Stack Overflow is a community of 4.7 million programmers, just like you, helping each other.

Join them; it only takes a minute:

Sign up
Join the Stack Overflow community to:
  1. Ask programming questions
  2. Answer and help your peers
  3. Get recognized for your expertise

I've got following bash script to do something for each parameter of the script

#! /bin/sh

while (($#)); do
 echo $1

But somehow, if I start it with the command sudo ./ foo1 foo2 it wont work. And the real strange thing is, that if I enter sudo bash foo1 foo2 it works. Does anybody know what causes this strange behaviour?

share|improve this question
What are the permissions on your script? What doesn't work about the first attempt? – sarnold Jun 21 '12 at 21:50
If you are writing a bash script put #!/bin/bash at the beginning. If you are writing sh script, don't use any of bash extensions. – Banthar Jun 21 '12 at 21:50
please edit your question to include current output, expected output and any error messages (complete text). Impossible to debug given your descriptions. Good luck. – shellter Jun 21 '12 at 21:51
'./test heh eheh' gives me './test: 6: 2: not found' sudo is not relevant, but using bash fixes it. – richard Jun 21 '12 at 22:06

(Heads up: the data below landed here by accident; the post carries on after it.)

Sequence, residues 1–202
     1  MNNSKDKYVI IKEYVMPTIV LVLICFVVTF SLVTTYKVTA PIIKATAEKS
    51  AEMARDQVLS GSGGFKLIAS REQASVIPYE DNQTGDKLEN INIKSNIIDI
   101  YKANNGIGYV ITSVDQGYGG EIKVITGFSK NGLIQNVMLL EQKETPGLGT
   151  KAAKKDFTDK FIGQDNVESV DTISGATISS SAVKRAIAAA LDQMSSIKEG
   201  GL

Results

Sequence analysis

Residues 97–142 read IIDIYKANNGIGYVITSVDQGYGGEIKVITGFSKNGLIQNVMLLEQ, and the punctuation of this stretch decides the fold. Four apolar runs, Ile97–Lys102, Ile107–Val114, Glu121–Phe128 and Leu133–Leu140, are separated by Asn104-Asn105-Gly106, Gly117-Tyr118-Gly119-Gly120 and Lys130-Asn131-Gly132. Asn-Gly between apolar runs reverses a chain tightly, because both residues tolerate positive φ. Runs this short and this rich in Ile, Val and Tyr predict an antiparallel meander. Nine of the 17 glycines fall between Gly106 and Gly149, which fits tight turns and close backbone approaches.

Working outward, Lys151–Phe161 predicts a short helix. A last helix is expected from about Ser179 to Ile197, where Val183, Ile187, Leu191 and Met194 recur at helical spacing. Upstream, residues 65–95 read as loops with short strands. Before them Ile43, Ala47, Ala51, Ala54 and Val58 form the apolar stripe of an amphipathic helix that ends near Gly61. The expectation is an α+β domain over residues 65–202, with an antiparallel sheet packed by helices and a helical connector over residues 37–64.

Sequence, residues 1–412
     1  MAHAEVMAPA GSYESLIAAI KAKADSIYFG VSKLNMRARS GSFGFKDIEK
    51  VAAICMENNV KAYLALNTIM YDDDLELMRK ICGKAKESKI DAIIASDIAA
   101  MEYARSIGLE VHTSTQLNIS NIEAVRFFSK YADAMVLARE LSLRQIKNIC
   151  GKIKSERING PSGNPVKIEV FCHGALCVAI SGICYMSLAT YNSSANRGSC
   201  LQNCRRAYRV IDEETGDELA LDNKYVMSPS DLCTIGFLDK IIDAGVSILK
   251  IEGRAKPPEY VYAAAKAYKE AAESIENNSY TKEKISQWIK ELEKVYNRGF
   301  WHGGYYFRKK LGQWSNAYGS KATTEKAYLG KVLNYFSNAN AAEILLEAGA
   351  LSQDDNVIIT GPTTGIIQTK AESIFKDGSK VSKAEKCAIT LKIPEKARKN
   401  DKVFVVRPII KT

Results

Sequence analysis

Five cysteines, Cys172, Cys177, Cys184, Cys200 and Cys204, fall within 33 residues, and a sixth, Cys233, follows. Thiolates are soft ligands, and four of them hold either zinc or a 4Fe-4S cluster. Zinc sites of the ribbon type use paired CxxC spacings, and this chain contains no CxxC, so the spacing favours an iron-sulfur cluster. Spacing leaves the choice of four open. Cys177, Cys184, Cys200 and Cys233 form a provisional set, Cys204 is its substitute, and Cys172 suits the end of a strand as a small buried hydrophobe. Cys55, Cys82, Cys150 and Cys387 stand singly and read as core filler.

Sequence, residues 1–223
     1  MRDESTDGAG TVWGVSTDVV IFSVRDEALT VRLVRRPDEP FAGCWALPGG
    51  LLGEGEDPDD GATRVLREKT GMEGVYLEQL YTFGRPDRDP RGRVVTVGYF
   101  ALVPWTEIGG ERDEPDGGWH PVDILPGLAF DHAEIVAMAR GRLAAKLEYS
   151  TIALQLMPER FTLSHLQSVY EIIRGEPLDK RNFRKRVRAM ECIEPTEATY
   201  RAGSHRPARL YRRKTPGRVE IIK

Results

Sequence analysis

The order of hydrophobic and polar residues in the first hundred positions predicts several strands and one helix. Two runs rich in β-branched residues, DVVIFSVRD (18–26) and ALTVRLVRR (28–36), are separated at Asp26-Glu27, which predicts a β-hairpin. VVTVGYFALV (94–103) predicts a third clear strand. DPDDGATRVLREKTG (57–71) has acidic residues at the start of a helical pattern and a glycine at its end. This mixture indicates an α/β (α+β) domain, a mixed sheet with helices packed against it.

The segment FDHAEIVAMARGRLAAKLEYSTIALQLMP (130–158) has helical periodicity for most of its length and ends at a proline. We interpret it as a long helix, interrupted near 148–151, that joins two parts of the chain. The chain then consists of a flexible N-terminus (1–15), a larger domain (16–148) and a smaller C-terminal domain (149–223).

"it won't work" provides no information. Please post error messages or descriptions of unexpected behavior. – Dennis Williamson Jun 21 '12 at 22:06
up vote 3 down vote accepted

You have specified /bin/sh as your interpreter, which may not be bash. Even if it is bash, bash runs in POSIX mode when called as /bin/sh.

The (( )) command is a bash-specific feature. The following will work in any POSIX compliant shell:

while [ $# -gt 0 ]; do
   echo $1
share|improve this answer

Have you tried #!/bin/bash rather than sh?

Here's a link explaining the difference:

share|improve this answer

This will work in either sh or bash:

for arg
    echo "$arg"

and it does the same thing as your script is intended to do without destroying the argument list.

share|improve this answer

Your Answer


By posting your answer, you agree to the privacy policy and terms of service.

Not the answer you're looking for? Browse other questions tagged or ask your own question.